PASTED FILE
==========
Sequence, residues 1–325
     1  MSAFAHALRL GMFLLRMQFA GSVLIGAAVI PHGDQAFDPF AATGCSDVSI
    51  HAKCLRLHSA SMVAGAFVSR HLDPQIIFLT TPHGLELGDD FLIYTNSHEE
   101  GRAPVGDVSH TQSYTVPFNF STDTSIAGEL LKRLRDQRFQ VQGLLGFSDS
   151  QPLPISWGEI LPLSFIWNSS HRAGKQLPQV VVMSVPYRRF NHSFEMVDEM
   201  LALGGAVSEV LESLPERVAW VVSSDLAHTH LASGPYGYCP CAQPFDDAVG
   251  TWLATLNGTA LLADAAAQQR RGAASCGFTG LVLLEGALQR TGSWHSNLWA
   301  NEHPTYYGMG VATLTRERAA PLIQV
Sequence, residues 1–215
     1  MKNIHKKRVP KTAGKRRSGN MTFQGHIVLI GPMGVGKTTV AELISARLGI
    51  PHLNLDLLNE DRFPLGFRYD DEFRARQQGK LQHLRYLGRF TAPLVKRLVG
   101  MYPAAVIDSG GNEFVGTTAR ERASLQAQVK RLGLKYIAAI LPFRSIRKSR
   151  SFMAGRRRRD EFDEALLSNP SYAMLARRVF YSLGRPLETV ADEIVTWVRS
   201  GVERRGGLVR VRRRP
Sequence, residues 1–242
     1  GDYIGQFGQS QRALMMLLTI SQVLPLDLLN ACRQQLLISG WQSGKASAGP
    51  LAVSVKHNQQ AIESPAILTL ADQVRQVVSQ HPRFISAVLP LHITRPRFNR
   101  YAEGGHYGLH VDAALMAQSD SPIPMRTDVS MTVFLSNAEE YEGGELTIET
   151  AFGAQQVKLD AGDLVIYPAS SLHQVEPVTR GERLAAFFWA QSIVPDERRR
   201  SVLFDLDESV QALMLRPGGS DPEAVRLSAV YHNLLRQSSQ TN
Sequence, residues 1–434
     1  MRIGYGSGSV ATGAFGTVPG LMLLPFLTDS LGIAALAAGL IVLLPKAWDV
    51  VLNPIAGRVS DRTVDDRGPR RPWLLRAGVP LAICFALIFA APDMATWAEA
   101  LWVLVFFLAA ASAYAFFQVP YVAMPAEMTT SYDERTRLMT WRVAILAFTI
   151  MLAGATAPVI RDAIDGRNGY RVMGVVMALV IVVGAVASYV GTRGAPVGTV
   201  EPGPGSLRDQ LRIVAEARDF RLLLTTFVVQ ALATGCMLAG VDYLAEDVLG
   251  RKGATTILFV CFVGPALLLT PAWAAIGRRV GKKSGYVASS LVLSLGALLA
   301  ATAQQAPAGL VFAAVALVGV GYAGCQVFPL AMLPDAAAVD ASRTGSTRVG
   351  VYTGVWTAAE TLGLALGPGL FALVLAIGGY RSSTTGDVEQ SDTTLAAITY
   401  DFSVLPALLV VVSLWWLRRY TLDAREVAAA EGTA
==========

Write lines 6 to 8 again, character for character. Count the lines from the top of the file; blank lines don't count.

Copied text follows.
   201  LALGGAVSEV LESLPERVAW VVSSDLAHTH LASGPYGYCP CAQPFDDAVG
   251  TWLATLNGTA LLADAAAQQR RGAASCGFTG LVLLEGALQR TGSWHSNLWA
   301  NEHPTYYGMG VATLTRERAA PLIQV